children of Swan R. and Frances (Bell) Burnett, natives of Virginia
and North Carolina, respectively; Mr. Burnett coming to North Carolina
when a boy. He began life for himself a poor man, and by his very successful
farm management became quiet comfortably fixed. He was a son of Thomas
Burnett, a native of Virginia. He was killed by a Tory, about the time
of the battle of Kings Mountain, in which battle his brother Joseph was
killed while fighting for his country. Mr. and Mrs. Swan Burnett
were of English and Irish descent respectively. Mr. J.J. Burnett
and possibly a sister in Missouri are the only children now living of thirteen.
J.J. Denton, a farmer
near Newport, was born May 16, 1851, in Cocke County, where he has since
resided. When nineteen years old he engaged in the grocery business, eight
years, when he then engaged in farming, at which he has since continued.
He began life a poor man, and what he is now worth is the fruit of his
own industry and good management. He owns 270 acres of fine land. He was
married in 1876 to Miss Lizzie Lloyd, a daughter of G.W. Lloyd,
a native of Cocke county, now residing in Texas, and who is a tanner by
trade. to this union four children have been born: George Lawrence,
James Clarence, Dixie and Lloyd. Mrs Denton is a member of the
Methodist Episcopal Church. and Mr. Denton is a Republican in politics.
He is the sixth of seven children born to Jefferson and Charity (Huff)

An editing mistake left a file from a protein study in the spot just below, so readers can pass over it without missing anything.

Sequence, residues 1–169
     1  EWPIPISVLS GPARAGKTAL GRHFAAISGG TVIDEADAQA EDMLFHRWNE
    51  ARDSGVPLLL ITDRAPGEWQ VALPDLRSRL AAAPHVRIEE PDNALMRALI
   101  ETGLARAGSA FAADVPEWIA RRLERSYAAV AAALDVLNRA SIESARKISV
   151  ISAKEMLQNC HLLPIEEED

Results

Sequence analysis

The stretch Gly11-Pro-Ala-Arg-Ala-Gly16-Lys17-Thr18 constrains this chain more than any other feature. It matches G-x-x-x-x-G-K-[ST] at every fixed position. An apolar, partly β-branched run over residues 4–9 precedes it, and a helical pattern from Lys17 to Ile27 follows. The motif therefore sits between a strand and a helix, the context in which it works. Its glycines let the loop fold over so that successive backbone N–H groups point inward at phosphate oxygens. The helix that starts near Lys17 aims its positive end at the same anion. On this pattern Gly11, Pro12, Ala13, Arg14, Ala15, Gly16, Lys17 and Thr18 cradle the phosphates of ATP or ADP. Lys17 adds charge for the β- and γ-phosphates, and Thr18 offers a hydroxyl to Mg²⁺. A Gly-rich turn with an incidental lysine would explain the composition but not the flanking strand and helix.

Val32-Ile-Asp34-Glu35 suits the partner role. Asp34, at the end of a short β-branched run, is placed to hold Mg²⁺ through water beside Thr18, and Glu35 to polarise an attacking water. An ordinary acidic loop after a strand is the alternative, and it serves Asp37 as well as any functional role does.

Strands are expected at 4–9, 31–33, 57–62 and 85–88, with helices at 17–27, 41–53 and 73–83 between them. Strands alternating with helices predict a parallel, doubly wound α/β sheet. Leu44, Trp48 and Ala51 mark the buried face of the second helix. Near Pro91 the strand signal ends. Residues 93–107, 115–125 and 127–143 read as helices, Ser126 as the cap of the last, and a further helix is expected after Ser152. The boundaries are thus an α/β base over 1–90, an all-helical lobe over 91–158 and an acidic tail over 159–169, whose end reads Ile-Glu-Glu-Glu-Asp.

Denton, natives of Cocke County. He was for many years justice of the
peace of his district, and commanded a company in Longstreets command
during the late war. His son, T.H. Denton, was in the Second Tennessee
Cavalry and accumulated considerable property, but owing to his paying
security debts, was twice broken up, but each time regained his feet. He
is a son of Thomas Denton, a native of England, and a a very early date
immigrated to America, and settled at the mouth of Crosby Creek, being
one of the earliest settlers, having previously resided at the present
site of St. Louis, Mo.
L.W. Hooper, M.D. was
born February 4, 1939, in North Carolina, and when twenty years of age
came to Dandridge, Tenn. He received a good academical education, and read
medicine with Dr. J.C. Cawood, of Dandridge. He then graduated from
Bellevue Medical College, of New York, and began his present successful
career as a physician at Newport. Dr. Hooper, it should be mentioned,
has earned the money to educate himself by his own efforts. He is the oldest
settler on the site of Newport. On April 21, 1870 he married Sarah E.
a daughter of William Norton, a native of North Carolina. Both are
members of the Missionary Baptist Church, in which he has been deacon since
the church at Newport was organized. He is a Republican, and a Master Mason,
and is the youngest of fourteen children born to John and Margaret (Ledbetter)